Most things most people believe are wrong

The title of this post comes from the one and only Terry Pratchett, specifically the witch Granny Weatherwax in Equal Rites, but it may as well be the mantra of the social sciences. My job as a policy analyst revolves, in part, around people’s misconceptions and thus this post: a list of the things I’ve recently learned most people believe, that aren’t quite true.

First up is the Bay Area.  San Francisco has a serious homeless problem and the question facing everyone is what to do about it.  Upon arriving in the Bay Area I learned it is common knowledge that people come to SF from all over the nation to be homeless because of the great benefits provided by the city.
Except they don’t.
In 2017 only 10% of the homeless on the streets of SF come from other states (2007-2017 average 12%, median 10%).  The numbers were about double for the homeless that came from other parts of CA (21% in 2017, 2007 average and median were 18%).
So in 2017 69% of the homeless people in San Francisco became homeless in the city. On top of that, in 2015, of those who lived in SF when they became homeless 49% of them lived in the city ten years ago.
(All of the above numbers come from the HUD mandated Point in Time Homeless counts and surveys conducted by the City of San Francisco.)

San Francisco has a homeless problem, but it doesn’t seem to be people moving from elsewhere… even though the city gives them free cell phones.  Which would be a draw, if this weren’t a national program called Lifeline.  California is one of the two most generous states with the program (Oklahoma is the other), but the free cell phone program is on the state and national level. It isn’t the city.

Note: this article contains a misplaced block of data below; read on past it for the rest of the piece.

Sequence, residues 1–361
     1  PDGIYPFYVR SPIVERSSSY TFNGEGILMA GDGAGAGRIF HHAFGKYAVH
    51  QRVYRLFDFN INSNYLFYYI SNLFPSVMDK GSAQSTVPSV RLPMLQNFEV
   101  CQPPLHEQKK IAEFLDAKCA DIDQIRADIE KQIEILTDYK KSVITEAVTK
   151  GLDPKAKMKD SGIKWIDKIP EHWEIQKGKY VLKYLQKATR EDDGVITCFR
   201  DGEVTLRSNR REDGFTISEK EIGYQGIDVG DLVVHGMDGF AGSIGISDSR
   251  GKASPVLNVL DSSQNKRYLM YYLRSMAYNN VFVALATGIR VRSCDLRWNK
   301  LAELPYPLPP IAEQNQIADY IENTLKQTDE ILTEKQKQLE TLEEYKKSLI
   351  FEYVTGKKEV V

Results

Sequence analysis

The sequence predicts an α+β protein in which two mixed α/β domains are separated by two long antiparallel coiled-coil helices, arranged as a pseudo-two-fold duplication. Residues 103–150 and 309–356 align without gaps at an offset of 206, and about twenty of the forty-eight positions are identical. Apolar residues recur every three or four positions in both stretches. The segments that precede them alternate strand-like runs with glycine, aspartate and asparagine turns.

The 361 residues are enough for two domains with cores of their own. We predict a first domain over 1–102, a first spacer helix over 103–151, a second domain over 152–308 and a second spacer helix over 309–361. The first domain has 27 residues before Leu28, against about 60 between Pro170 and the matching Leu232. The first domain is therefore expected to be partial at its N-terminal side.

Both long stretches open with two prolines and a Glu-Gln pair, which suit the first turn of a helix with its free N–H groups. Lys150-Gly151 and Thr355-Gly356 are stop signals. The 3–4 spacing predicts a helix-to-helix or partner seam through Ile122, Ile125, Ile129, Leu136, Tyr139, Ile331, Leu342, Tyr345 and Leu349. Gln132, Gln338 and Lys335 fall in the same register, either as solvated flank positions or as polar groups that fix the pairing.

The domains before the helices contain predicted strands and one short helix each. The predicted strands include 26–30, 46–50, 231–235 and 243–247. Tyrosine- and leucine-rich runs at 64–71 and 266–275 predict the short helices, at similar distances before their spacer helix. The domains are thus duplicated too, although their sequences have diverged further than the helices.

In another vein, the threat colleges pose to free speech is a favorite topic of those on the right. Yet a recent article summarizing data from a series of sources paints a different picture. The number of people being fired, or dis-invited, over their political opinions or things they say doesn’t appear to break the triple digits per year and some data points to liberals being silenced more often than conservatives.

On an entirely different topic, the average life expectancy worldwide is about 70 years, so that’s pretty cool.

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